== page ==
Each March, the people of Valencia, Spain, set their city streets ablaze.
In the lead up to Las Fallas, “the fires,” neighborhood teams spend months creating massive wooden and polystyrene sculptures whose raucous characters – some life-size, some 50-feet tall – look like a cross between My Little Ponies and the tortured souls of a Hieronymous Bosch painting. Once complete, the teams spend a few days marching their works through the streets like parade floats. As the clock strikes midnight on St. Joseph’s feast day, March 19th, the teams burn it all to the ground.
The origins of this fiery rite have gone up in smoke. Though the tradition may have pre-Christian roots, it eventually came to fall on the festival of St. Joseph, the patron of carpenters.
The story that gets told most often suggests that centuries ago, during the dark days of winter, carpenters would build makeshift candle stands in their workshops with old boards and wooden posts. As spring approached and the days grew longer, the carpenters could work later into the evening without the need of candlelight. To commemorate the changing seasons – and the day of their patron saint – the Valencian carpenters would burn their makeshift candle stands and perhaps other old scraps of wood in the street. Eventually, the story goes, kids began hanging hats on the posts or drawing faces on the boards, and a new tradition was born.
Today, over 300 teams compete each year to make the funniest, most provocative and eye-catching cast of characters they can imagine. These sardonic effigies, called ninots, often target the rich and famous or, more abstractly, societal vices. Spain’s corrupt political class often appears in various guises. A few teams can spend as much as $75,000 to create their mad polystyrene crew, which will likely end up as ash. One float, though, will be saved from hellfire. A team of judges selects the year’s best creation to be saved, and winners go on display at the local Fallas museum.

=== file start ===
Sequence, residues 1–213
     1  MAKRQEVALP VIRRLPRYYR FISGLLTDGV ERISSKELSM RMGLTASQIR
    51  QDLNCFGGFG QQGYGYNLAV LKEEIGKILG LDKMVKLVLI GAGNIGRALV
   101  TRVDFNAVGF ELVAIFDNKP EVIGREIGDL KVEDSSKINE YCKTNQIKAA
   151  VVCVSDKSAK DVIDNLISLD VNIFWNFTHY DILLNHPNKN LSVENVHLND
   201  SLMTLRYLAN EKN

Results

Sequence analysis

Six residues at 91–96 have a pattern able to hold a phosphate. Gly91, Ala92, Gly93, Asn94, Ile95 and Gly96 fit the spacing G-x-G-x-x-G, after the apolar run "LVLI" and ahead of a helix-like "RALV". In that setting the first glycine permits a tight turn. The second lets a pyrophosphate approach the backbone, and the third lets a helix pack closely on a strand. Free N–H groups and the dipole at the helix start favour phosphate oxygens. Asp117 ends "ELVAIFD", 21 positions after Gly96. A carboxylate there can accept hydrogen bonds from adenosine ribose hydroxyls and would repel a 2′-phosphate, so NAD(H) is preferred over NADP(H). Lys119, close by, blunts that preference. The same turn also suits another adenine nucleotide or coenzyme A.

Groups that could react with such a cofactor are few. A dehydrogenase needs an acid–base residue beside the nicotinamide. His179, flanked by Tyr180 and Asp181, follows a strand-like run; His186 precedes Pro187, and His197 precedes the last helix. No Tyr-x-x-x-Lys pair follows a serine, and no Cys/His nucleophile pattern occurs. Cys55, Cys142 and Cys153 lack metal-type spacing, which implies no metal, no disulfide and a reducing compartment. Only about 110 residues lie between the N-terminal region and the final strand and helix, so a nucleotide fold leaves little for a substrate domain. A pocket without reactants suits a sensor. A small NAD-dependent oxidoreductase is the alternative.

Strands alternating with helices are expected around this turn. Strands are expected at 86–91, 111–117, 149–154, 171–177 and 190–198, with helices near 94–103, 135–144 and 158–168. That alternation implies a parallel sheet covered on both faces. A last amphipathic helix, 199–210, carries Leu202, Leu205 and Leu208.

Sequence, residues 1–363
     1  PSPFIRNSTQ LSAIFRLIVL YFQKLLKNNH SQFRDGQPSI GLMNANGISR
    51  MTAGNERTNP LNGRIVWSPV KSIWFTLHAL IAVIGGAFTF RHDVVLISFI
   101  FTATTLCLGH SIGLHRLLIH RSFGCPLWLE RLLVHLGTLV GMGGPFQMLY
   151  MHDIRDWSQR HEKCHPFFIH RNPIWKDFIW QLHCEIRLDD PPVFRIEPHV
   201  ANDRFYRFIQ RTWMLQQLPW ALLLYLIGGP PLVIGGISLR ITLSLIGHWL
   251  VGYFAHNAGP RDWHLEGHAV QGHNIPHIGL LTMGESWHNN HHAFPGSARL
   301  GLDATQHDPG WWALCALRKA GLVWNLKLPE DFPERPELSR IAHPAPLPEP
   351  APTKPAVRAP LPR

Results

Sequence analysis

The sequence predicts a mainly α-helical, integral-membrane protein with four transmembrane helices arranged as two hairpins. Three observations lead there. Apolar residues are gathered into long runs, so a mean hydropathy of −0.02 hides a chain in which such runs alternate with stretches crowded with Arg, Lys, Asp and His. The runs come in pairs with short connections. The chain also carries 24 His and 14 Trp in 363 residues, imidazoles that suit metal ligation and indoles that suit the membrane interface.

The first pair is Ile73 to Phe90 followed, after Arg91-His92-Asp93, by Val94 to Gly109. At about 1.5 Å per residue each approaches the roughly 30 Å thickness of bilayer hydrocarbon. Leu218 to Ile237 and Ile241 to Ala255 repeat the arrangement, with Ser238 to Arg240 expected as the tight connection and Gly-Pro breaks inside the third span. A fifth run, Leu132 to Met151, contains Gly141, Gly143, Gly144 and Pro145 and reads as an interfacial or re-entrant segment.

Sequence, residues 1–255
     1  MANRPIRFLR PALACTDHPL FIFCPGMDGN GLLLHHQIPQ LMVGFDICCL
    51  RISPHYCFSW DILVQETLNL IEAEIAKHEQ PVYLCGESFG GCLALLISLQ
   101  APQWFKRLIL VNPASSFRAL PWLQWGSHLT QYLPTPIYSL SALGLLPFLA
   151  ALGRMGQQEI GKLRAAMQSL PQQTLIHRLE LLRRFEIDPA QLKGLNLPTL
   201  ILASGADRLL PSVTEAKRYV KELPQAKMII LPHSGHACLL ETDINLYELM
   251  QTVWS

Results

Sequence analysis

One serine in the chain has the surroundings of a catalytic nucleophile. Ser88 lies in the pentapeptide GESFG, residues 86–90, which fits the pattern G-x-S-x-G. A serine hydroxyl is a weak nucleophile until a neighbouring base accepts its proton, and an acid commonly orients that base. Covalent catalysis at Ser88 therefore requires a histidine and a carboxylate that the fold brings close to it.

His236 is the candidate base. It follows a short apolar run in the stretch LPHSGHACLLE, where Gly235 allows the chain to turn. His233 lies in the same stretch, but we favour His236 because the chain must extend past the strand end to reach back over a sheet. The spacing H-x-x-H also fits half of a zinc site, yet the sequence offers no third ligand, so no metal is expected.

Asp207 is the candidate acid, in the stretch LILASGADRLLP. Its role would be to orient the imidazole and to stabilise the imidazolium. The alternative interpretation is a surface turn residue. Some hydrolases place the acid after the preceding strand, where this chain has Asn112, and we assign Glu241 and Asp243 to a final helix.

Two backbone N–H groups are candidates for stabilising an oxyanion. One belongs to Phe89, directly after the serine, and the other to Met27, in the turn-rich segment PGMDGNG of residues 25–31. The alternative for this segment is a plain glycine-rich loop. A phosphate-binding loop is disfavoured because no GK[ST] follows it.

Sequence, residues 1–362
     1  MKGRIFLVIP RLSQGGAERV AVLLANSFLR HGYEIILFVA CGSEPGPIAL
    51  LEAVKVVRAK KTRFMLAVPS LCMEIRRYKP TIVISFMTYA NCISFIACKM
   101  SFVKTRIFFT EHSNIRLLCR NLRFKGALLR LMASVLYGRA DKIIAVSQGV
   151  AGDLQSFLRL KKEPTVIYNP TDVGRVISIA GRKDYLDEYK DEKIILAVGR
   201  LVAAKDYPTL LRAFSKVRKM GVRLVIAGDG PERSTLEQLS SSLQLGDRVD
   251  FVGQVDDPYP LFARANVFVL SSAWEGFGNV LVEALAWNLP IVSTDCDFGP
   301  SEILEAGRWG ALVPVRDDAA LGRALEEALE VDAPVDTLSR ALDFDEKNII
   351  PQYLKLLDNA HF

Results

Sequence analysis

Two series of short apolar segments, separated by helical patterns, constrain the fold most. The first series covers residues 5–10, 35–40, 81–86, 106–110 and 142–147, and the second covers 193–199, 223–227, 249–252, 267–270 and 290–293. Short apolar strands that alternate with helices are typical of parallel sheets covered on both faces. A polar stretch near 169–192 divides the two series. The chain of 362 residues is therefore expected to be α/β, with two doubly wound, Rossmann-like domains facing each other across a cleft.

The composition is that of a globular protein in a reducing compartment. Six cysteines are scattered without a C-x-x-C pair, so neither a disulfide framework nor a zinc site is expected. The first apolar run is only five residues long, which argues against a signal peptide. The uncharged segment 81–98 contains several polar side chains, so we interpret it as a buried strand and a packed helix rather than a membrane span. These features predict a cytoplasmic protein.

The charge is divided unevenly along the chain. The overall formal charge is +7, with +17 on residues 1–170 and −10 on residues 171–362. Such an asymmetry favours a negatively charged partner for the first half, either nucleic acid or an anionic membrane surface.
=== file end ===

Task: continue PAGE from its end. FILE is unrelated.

Those that are not saved burn. At midnight, as March 19th ticks into the 20th, the teams light fuses and fireworks carefully concealed in the limbs of the ninots, and La Cremà, “the burning,” begins. From one end of the city to the other, the streets become a vision of fiery hell. The wild characters now wear capes of flame. Their faces begin to melt. The structures eventually begin to collapse. Firefighters watch it all, and little damage is ever done, despite the ludicrous spectacle.
Spain knows how to party. The country has some of the world’s most audacious – and most fun – local festivals, whether it’s the tournament of human-castle building in Tarragona, the massive tomato fight that is La Tomatina in Buñol, or, most famously, the running of the bulls in Pamplona. Las Fallas in Valencia is one of the biggest events in the Spanish calendar. During the festival, Valencia’s population grows from one million to three million as people from across Spain and the world rush in to witness the extravaganza.
Want a further taste of the bombastic activities of Las Fallas in Valencia, Spain? Check out the pictures in our gallery: